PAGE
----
In Canada: Mondays, 8:30pm ET/PT, CityTV
In the rest of the world: Not yet acquired
Well, I was patient. I was tempted to give up after the first episode of Seed, a Canadian comedy in which a Seth Rogen-esque slacker and sperm donor is tracked down by first his his biological son, then his biological daughter then one of his current, pregnant donation recipients (and new potential romantic partner), and has to come to terms with being a dad and offering sage life advice. It suffered from two basic flaws: relentless stereotyping and a lack of actual jokes.
Yet it was somehow so damn likeable that I stuck around for the second episode, which was a marked improvement: funnier, nicer and cleverer, and with fewer stereotypes. Could it be it was improving?
No. Mistake on my part, that. Episode three returned to the same lack of standards as episode 1, with more stereotypes than a Bernard Manning comedy routine and a matching lack of jokes.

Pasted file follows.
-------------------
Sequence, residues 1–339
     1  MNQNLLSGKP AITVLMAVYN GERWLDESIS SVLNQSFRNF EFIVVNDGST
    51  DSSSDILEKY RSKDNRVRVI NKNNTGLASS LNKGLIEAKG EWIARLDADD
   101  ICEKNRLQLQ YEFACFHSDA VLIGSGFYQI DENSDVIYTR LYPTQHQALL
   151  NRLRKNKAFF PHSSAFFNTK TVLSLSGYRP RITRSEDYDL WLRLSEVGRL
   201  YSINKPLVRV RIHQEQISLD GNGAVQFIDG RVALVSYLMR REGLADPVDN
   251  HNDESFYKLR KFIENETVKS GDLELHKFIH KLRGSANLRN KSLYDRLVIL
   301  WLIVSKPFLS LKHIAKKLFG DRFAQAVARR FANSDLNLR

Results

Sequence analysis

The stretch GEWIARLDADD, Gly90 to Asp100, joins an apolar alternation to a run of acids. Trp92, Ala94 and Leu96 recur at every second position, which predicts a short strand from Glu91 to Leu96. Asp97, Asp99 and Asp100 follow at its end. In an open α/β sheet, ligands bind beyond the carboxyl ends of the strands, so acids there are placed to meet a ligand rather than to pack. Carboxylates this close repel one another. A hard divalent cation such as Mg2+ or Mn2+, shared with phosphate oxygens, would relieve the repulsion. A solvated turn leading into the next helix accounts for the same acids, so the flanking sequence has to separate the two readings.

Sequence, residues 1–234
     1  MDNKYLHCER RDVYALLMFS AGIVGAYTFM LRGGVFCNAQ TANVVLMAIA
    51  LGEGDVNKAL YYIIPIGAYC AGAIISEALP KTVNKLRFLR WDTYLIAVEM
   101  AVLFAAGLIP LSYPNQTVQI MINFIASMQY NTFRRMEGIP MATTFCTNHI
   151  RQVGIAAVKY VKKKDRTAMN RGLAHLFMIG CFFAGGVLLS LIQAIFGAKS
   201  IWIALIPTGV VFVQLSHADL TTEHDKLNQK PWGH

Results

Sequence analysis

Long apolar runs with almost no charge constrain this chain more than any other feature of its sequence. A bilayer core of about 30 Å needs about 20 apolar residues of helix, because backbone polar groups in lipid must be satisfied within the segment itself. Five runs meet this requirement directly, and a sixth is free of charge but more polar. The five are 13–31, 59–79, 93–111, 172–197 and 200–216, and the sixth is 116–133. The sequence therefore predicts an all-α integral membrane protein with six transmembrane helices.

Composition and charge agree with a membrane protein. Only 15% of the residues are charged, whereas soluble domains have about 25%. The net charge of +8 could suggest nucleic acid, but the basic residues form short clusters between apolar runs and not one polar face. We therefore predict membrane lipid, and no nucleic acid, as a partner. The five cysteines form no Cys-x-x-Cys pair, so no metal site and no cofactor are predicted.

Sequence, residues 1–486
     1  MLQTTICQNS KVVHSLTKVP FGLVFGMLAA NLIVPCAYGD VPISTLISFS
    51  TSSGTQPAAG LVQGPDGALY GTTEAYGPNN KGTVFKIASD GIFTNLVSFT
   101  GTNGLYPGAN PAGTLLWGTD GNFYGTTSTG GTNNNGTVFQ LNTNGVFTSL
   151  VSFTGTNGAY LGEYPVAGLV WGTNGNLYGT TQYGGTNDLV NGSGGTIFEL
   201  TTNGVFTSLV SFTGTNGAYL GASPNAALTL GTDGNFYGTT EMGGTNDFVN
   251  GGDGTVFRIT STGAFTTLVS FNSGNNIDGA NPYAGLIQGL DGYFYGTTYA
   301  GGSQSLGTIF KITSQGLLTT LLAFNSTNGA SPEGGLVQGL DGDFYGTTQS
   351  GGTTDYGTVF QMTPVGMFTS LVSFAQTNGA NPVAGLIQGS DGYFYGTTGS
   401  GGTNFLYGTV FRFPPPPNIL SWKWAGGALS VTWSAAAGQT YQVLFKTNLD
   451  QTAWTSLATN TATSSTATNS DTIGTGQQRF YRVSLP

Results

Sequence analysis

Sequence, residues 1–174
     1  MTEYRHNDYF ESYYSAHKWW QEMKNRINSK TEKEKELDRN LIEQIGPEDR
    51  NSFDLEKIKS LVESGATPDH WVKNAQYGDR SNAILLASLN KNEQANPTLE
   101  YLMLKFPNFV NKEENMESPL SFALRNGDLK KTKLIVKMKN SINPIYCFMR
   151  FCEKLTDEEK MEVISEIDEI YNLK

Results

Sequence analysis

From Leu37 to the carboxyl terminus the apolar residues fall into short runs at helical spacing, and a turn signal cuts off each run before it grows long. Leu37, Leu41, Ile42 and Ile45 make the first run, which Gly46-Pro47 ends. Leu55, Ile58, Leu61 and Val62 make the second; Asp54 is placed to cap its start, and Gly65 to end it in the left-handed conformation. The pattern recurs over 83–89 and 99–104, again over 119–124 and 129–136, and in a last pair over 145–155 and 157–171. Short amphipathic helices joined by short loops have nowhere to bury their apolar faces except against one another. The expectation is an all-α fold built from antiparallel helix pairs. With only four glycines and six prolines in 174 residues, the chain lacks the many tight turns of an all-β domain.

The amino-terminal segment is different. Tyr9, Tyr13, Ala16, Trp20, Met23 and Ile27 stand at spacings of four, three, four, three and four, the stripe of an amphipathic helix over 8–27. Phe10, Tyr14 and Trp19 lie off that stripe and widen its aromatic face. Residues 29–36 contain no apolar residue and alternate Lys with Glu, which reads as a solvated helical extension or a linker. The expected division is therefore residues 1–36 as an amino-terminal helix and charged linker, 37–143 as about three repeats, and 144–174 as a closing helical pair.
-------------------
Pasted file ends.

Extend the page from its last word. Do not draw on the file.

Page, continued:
Even on its own terms, it makes no sense whatsoever. Here’s a sample plot from the third episode: the lesbian couple with our ‘hero’s’ son have been trying to bring him up without any masculine attributes, such as ambition, assertiveness or aggression (which are just fine in them, mind you). However, ‘dad’ objects to his nine-year old going to ‘scrapbooking’ classes, and it turns out that the son is only going to the classes because of his mothers. So – because dad fancies the teacher – he enrols his son in a rhythmic gymnastics class instead. So what happens? The lesbians, who have been trying for nine years not to bring up their son in a stereotypical way, start to worry that their nine-year old needs to have more male interests or else he’ll turn out ‘super gay’.
What? You can try to make sense of that for the rest of eternity and it won’t.
So despite that strangely likeable quality, the complete lack of internal consistency, the rampant stereotyping and the total lack of jokes means it’s a big no to Seed from The Barrometer, I’m afraid.
Barrometer rating: 4
Rob’s prediction: Will last a season at best